Various factors are complicating our ability to do substantial posts here at the moment, but we will return to more or less regular programming soon. Meanwhile, here are a few choice tidbits that cry out for more comment than we can provide right now.
When is a withdrawal not a withdrawal? When it's an "encirclement." The indefatigable Jason Ditz at Antiwar.com points us to this rather obscure little gem from the Christian Science Monitor: "US forces withdrawing from Iraqi cities will move instead to encircle them." As Ditz notes:
The Status of Forces Agreement (SOFA) between Iraq and the United States requires that all US combat forces leave Iraqi cities by the end of Tuesday. The US is going to be going along with the requirement, more or less, but those troops won’t be going far. According to Major General Robert Caslen, the commander of US forces in the north, the troops that are being pulled from the cities will be massing along the outskirts of the cities, encircling them in what the general called an attempt to replicate the surge strategy outside of the cities.
But come on, now. If there were say, 15,000 Chinese troops encamped outside your city limits, bristling with ordnance and overflying your neighborhood night and day with drones, attack copters and bombers, and barreling down your street with heavy weapons every time the local cops called them in -- wouldn't you feel sovereign? Liberated? Free? You know you would.
Jeffrey St. Clair points out yet another progressive betrayal in full swing from the Obama Administration: the corporate bagmen and eager accomplices of landscape rape that the president has appointed to oversee his environmental policies: "Meet the Retreads." St. Clair makes the salient point that here -- as in so many other areas -- Obama's appointments speak far louder than his rhetoric:
Of all of Barack Obama’s airy platitudes about change none were more vaporous than his platitudes about the environment and within that category Obama has had little at all to say about matters concerning public lands and endangered species. He is, it seems, letting his bureaucratic appointments do his talking for him. So now, five months into his administration, Obama’s policy on natural resources is beginning to take shape. It is a disturbingly familiar shape, almost sinister.
It all started with the man in the hat, Ken Salazar, Obama’s odd pick to head the Department of Interior. Odd because Salazar was largely detested in his own state, Colorado, by environmentalists for his repellent coziness with oil barons, the big ranchers and the water hogs. Odd because Salazar was close friends with the disgraced Alberto Gonzalez, the torturer’s consigliere. Odd because Salazar backed many of the Bush administration’s most rapacious assaults on the environment and environmental laws. Odder still because Salazar, in his new position as guardian of endangered species, had as a senator repeatedly advocated the weakening of the Endangered Species Act. Salazar never hid his noxious positions behind a green mantle. Obama certainly knew what he was buying.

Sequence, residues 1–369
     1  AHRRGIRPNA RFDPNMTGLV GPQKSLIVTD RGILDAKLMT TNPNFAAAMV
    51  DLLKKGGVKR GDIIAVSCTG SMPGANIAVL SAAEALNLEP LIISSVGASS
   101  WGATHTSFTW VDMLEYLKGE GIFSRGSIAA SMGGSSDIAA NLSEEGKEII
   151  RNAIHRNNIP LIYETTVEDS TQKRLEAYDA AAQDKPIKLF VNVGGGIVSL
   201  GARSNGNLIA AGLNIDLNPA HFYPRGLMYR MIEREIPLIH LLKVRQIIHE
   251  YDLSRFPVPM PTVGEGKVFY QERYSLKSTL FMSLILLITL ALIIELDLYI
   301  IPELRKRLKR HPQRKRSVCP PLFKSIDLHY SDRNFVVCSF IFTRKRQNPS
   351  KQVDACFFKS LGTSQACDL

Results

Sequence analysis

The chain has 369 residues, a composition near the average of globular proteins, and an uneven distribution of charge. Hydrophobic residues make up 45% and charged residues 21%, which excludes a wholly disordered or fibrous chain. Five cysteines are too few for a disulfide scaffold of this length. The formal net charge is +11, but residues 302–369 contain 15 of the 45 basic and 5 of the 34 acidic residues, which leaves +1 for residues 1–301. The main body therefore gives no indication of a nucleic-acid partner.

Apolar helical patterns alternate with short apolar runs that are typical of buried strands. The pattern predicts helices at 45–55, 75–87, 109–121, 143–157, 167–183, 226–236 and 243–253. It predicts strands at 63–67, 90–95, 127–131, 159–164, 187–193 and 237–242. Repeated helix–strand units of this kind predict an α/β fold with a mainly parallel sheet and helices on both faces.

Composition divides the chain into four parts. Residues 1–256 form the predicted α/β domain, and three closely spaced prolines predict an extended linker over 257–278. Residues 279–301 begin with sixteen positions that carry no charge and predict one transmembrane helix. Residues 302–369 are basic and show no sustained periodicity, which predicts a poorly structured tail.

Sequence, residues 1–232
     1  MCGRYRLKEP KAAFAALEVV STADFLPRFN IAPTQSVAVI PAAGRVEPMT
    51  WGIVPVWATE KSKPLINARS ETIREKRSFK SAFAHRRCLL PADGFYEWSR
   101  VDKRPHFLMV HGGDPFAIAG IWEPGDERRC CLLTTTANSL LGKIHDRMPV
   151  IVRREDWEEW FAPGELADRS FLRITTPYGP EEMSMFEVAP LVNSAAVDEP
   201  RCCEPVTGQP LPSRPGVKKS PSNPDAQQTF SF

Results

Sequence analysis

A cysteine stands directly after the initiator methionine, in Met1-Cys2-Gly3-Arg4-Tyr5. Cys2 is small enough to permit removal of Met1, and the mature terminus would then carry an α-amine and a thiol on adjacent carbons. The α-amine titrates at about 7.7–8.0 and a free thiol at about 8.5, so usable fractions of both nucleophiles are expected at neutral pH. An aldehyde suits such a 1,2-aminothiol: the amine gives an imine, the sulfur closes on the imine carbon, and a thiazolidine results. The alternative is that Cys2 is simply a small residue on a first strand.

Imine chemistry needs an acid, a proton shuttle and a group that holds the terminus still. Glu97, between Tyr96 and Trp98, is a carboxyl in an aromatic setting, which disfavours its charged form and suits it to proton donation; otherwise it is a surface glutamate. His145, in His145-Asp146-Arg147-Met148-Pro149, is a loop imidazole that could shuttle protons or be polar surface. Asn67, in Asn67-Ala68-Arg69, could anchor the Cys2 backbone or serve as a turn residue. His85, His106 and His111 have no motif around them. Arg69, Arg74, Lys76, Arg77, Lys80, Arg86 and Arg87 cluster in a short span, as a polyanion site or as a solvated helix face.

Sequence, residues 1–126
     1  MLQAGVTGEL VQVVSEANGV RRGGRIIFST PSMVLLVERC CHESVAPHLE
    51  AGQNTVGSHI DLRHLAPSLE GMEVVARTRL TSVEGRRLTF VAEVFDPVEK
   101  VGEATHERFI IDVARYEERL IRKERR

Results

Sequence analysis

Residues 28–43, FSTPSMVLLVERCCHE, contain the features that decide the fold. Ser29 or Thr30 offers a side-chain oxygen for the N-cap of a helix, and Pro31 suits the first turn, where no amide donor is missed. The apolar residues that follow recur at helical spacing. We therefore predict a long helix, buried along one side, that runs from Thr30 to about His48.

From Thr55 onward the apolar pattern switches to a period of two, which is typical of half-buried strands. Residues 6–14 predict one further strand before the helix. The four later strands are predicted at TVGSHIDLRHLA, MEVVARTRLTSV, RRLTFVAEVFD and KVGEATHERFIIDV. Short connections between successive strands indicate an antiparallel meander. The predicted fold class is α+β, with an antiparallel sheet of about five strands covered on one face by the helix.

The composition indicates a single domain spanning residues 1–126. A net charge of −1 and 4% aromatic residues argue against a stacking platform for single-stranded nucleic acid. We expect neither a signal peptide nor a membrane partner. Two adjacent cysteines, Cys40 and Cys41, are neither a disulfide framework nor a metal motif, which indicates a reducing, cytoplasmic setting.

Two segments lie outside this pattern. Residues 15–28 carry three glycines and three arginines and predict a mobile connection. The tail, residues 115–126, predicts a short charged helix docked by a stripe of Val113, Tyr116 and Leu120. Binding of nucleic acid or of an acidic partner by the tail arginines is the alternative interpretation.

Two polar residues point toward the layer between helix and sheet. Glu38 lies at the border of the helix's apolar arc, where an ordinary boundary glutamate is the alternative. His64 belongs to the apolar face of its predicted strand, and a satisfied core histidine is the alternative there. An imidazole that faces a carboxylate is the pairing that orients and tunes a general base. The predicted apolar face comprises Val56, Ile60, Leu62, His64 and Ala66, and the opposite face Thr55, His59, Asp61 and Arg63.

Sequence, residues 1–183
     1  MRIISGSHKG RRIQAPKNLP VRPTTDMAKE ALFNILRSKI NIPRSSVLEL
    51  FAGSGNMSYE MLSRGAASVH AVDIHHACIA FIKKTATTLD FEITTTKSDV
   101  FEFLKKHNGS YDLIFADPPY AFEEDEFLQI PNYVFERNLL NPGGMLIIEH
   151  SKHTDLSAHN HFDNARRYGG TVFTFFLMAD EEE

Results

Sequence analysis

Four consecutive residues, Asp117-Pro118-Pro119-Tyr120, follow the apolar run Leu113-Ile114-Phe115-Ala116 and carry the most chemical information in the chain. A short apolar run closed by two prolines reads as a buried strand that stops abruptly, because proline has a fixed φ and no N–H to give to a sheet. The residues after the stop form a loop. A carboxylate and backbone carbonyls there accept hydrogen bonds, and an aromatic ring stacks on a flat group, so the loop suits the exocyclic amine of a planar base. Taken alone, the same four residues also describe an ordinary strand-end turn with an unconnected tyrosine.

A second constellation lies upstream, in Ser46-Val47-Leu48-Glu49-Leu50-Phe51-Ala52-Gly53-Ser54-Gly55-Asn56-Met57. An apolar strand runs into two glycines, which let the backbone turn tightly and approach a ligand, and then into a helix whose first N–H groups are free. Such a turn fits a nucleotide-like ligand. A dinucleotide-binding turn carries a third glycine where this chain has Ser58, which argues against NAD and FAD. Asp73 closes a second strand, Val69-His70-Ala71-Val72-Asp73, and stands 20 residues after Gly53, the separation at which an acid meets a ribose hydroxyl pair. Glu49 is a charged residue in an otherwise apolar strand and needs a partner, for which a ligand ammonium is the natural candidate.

And as St. Clair details, Salazar is just the tip of the (soon-to-be-melted) iceberg.
Barack Obama is also reviving the Bush Regime's strategy of direct intervention in Somalia -- and the Washington Post is dutifully doing its bit with this headline: "U.S. Sends Weapons to Help Somali Government Repel Rebels Tied to Al-Qaeda." It is of course superfluous in us to point out that the aforementioned rebels have consistently denied any ties to al Qaeda.
Which is not to say they are a bunch of sweethearts. But the rise of this faction of militant religious extremists is the inevitable (deliberate?) result of the bipartisan Terror War that the United States has been conducting in Somalia for years. With American backing, blessing -- and direct military support -- a coalition of Islamist factions that had brought the first measure of stability to Somalia in many years was shattered by foreign invasion and local warlords in the pay of the CIA. Some factions in the broken coalition were further radicalized by the brutal war that followed; others have sought compromise with the Western-backed transitional government. Tens of thousands of innocent civilians have died, and millions more have been driven into exile, ruin and terrible suffering -- and still the Great Game goes on.
Finally, Stars and Stripes give us the quintessence of the American empire's oh-so-effective "counterinsurgency" strategy, with this quote from a U.S. officer toiling in the killing fields of the oh-so-good war in Afghanistan:
"I tell my men they have to be thinking warriors," Capt. Bobby Davis of Columbus, Ga., whose platoon went out to help the convoy, said the following day. "You have to be able to go out and talk to people and in the flick of a switch, like yesterday, to kill and then continue the mission — go out again and talk to people."
Hearts and minds -- blow their brains out -- then hearts and minds again. Yep, that sounds like a winning plan, all right! Criswell predicts: another 25 years of road-building, switch-flicking and people-killing in the distant hills of Bactria.
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This story was published on June 30, 2009.